What happens to investment interest expenses?
Dear Tax Talk,
Can disallowed investment interest expenses from a deceased taxpayer be carried forward by the spouse next year, or it is lost when a taxpayer dies?
Interest borrowed for purposes of making investments that are not rental activities is considered investment interest expense, or IIE. Interest paid on a margin account is a typical example. Investment interest expense is deductible only to the extent of investment income. Any IIE in excess of this limit is carried forward to a future year to be offset against investment income in that year.
Investment income is typically interest, dividends (but not qualified dividends taxed at the lower rate) and short-term capital gains. Qualified dividends and long-term capital gains can be treated as investment income if the taxpayer elects to forgo their preferential tax rate. Form 4952 is used to report investment interest expense.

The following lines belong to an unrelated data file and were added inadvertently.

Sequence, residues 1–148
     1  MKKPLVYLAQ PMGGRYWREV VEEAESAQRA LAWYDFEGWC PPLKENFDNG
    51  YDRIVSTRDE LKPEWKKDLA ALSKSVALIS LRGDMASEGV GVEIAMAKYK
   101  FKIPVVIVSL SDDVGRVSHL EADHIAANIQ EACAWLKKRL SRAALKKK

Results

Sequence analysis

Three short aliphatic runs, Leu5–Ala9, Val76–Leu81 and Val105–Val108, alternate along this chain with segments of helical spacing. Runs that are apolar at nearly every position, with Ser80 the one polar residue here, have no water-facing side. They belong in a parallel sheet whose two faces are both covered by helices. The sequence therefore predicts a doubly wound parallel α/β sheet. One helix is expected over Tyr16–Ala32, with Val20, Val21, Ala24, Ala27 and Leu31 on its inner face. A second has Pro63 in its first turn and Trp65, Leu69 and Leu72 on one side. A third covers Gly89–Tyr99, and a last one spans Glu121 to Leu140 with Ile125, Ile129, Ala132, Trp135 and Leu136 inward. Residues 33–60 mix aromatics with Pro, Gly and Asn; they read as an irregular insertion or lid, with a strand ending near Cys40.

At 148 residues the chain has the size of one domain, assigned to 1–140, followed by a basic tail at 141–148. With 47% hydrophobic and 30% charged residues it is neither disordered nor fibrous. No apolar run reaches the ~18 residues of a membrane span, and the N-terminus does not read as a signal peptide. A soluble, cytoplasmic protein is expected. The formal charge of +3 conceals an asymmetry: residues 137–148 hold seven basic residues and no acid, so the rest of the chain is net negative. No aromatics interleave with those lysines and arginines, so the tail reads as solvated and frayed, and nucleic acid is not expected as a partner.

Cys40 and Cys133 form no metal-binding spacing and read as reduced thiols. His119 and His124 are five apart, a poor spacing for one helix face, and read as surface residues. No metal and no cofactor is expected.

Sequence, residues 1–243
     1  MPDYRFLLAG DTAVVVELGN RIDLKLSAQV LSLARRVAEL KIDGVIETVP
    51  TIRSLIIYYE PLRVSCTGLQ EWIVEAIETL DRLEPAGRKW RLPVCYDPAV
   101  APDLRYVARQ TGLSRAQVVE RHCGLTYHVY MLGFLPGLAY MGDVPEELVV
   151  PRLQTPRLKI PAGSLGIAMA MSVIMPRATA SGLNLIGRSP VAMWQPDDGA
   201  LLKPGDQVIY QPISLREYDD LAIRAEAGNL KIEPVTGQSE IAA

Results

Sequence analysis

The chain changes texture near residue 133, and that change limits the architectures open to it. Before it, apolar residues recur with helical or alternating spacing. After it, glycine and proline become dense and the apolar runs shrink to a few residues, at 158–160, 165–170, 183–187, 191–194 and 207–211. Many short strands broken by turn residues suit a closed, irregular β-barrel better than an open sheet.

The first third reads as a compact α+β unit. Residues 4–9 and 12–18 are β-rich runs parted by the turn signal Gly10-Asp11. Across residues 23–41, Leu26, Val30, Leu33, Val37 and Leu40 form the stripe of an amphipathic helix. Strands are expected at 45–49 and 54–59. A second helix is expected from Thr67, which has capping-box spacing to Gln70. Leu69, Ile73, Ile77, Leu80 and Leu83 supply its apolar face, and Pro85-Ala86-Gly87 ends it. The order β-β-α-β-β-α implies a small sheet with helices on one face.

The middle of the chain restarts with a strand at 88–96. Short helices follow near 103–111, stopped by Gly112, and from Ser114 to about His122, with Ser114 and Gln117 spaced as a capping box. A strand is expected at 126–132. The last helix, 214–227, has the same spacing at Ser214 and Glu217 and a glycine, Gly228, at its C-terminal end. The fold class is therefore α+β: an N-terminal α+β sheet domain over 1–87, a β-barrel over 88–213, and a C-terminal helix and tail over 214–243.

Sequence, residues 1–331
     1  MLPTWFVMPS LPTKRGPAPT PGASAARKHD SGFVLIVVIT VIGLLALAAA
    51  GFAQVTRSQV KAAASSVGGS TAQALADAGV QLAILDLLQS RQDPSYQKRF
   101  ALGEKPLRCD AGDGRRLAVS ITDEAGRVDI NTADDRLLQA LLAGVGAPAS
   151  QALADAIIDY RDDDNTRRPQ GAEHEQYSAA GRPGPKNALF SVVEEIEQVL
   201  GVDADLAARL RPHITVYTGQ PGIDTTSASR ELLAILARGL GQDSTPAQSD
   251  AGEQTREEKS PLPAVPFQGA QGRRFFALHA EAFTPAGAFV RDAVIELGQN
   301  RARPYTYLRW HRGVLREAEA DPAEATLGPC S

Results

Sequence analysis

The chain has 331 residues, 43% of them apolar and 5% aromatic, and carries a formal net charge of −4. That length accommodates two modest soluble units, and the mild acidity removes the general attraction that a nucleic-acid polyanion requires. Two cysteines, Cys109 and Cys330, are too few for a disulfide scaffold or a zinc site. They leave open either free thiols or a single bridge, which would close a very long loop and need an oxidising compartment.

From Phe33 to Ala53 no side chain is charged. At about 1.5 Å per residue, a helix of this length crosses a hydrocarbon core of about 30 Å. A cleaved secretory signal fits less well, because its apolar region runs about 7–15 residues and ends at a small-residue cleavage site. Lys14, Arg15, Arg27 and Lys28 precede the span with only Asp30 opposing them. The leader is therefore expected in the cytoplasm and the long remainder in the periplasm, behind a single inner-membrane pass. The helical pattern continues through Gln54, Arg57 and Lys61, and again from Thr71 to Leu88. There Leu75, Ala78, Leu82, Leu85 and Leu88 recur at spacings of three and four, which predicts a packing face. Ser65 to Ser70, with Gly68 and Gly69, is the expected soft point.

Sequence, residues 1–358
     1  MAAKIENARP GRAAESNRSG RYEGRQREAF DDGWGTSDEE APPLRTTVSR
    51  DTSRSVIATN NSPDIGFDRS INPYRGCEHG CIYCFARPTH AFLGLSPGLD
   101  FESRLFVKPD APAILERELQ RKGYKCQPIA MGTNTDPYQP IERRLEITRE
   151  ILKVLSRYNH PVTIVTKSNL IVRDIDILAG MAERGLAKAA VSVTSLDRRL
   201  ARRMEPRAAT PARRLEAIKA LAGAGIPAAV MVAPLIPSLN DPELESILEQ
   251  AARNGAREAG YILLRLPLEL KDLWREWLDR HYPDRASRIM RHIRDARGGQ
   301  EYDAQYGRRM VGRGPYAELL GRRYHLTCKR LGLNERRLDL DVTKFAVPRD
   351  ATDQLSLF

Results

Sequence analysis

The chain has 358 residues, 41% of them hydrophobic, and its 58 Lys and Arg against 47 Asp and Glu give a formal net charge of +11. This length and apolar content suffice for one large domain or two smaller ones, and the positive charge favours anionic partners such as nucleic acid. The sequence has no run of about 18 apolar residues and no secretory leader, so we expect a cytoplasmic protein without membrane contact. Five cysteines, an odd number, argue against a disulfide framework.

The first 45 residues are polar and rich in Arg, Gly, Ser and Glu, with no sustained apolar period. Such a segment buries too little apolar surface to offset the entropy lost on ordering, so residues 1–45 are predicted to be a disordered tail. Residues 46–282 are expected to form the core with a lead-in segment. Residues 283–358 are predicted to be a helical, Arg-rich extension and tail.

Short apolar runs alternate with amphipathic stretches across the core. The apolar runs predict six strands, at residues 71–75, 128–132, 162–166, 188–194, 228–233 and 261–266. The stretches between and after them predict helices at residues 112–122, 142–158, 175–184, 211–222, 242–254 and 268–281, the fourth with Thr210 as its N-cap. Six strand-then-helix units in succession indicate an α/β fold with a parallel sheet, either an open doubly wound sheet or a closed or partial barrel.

Usually a married couple figures their income and deductions jointly. If the investment interest arose from a joint account, then it is equally each spouse's loss. The surviving spouse can only carry forward the portion that arose from joint ownership (one-half) plus that IIE from the surviving spouse's separate property. The IIE of the decedent spouse is not eligible for carry-over. In lieu of the carry-over, the decedent's assets are stepped up to date of death value, except for deaths in 2010, under certain limited circumstances.
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